Two men died after reportedly attempting to intervene as a man shouted 'hate speech'
President Trump has said last week's attack in Portland that left two dead was 'unacceptable'.
The incident happened on Friday afternoon on one of the city's light rail trains.
According to police, a man was shouting "various remarks that would best be characterised as hate speech toward a variety of ethnicities and religions".
Oregon Live reports that he was "allegedly berating a Muslim girl in a hijab and her friend".
When a number of people attempted to intervene, the man is said to have stabbed three men.
Two of the stabbed men - named as Ricky John Best (53) and Taliesin Myrddin Namkai Meche (23) - died following the attack.
A third man - Micah David-Cole Fletcher (21) - received serious injuries in the attack, but his condition is not believed to be life threatening.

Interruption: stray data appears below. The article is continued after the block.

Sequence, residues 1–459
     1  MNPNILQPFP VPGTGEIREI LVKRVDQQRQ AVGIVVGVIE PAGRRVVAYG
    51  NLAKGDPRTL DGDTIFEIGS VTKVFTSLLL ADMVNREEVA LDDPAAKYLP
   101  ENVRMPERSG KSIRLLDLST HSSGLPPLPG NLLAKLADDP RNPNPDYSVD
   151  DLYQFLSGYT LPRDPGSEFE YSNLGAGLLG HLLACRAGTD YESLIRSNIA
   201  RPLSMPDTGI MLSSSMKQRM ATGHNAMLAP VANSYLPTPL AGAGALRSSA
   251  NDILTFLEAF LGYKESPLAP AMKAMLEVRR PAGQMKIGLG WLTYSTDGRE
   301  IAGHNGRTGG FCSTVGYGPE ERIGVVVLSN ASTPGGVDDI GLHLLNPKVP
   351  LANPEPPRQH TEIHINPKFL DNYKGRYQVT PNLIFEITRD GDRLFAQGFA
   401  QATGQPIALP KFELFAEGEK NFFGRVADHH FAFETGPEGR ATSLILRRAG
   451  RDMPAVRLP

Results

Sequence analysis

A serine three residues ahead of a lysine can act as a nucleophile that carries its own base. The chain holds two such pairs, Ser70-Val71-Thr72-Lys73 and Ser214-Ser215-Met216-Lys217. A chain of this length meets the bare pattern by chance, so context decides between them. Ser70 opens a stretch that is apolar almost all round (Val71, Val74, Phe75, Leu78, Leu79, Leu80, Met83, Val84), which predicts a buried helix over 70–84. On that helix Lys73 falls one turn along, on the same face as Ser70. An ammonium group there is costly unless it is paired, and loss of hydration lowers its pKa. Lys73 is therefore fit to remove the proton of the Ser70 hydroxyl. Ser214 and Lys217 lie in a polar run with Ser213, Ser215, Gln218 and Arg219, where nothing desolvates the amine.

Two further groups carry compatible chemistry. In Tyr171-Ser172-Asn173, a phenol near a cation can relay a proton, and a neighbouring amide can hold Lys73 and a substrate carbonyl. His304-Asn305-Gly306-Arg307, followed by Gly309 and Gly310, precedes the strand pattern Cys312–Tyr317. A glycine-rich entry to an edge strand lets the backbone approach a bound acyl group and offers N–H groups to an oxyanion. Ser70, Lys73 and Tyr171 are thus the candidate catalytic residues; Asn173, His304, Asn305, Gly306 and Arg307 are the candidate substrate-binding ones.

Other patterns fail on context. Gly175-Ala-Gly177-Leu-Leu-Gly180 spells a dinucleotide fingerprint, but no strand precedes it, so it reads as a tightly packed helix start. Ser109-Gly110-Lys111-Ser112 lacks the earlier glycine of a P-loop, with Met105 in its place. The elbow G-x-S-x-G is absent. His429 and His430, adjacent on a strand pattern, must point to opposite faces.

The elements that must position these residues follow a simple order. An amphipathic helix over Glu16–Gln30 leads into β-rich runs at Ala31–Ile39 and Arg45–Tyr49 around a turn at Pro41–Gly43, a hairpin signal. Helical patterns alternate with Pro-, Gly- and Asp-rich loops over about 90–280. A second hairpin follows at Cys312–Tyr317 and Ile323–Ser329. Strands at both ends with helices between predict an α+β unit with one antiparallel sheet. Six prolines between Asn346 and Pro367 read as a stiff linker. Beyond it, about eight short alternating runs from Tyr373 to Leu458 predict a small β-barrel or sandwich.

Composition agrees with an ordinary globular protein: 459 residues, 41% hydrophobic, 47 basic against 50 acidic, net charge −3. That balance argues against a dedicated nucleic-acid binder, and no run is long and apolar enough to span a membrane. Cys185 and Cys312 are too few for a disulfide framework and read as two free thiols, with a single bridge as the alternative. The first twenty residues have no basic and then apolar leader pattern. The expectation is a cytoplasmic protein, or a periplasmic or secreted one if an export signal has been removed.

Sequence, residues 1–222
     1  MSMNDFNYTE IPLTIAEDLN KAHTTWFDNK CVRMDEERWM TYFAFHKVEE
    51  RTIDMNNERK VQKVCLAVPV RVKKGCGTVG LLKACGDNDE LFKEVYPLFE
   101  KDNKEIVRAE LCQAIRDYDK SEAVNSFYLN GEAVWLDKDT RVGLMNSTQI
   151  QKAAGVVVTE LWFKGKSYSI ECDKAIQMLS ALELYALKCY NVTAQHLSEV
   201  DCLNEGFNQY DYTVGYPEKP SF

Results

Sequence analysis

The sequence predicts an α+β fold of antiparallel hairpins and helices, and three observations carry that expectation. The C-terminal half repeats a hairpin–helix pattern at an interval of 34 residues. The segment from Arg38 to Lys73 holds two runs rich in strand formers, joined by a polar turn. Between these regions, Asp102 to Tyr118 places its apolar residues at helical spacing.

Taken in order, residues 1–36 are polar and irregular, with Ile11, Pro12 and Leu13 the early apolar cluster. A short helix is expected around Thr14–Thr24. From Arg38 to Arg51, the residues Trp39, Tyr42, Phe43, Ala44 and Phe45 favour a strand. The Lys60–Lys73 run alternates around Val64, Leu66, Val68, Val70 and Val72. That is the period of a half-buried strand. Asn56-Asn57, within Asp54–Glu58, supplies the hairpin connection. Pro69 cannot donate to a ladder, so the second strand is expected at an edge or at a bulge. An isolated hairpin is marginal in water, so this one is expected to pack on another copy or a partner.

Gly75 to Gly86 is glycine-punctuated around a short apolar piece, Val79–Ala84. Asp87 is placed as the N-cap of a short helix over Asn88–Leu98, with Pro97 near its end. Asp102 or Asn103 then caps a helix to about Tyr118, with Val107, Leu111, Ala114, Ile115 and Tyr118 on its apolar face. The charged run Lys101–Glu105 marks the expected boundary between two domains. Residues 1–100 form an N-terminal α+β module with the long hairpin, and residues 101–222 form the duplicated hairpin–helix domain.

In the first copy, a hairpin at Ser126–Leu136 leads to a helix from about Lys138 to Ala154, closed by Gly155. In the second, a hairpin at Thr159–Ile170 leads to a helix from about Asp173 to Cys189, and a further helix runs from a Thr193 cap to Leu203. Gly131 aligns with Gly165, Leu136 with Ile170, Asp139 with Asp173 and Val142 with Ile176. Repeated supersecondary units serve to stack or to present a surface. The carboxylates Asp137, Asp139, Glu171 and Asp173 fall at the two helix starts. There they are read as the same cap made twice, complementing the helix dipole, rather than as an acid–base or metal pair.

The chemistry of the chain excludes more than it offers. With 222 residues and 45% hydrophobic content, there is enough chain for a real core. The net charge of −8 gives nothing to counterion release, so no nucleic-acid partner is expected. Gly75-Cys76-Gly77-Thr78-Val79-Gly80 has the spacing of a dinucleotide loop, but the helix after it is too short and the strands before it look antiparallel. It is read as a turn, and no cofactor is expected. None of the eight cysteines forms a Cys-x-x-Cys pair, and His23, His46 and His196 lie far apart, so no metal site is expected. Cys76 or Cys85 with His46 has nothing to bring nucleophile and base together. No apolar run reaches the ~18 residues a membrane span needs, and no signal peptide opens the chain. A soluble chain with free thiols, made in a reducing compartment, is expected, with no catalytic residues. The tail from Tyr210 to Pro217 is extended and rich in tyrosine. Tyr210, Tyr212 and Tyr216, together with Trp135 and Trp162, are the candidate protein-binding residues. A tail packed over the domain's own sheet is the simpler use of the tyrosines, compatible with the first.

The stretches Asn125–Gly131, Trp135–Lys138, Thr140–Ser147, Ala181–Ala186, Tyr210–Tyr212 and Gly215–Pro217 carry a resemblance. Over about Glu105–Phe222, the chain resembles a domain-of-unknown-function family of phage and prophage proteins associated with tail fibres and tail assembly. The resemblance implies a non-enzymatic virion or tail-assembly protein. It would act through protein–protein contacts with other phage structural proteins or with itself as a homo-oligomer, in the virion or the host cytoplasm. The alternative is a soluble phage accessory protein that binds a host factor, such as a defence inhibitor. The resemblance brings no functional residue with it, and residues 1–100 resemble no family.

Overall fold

Local police have been named the suspect as Jeremy Christian (35), who was arrested shortly after the incident.
He faces charges including aggravated murder, attempted murder, and intimidation.
In a statement released over the weekend, Portland Mayor Ted Wheeler said: "Two men lost their lives and another was injured for doing the right thing, standing up for people they didn't know against hatred.
"Their actions were brave and selfless, and should serve as an example and inspiration to us all. They are heroes."
In a tweet from his official 'POTUS' account earlier today, President Trump said the victims "were standing up to hate and intolerance".
The violent attacks in Portland on Friday are unacceptable. The victims were standing up to hate and intolerance. Our prayers are w/ them.— President Trump (@POTUS) May 29, 2017
Ahead of today's tweet, there had been mounting calls for President Trump to comment on and condemn the attack.
In an open letter to the US president, retired news anchor Dan Rather wrote: "I wish we would hear you say these names, or even just tweet them.
"Two Americans have died leaving family and friends behind. They are mourned by millions more who are also deeply worried about what might come next."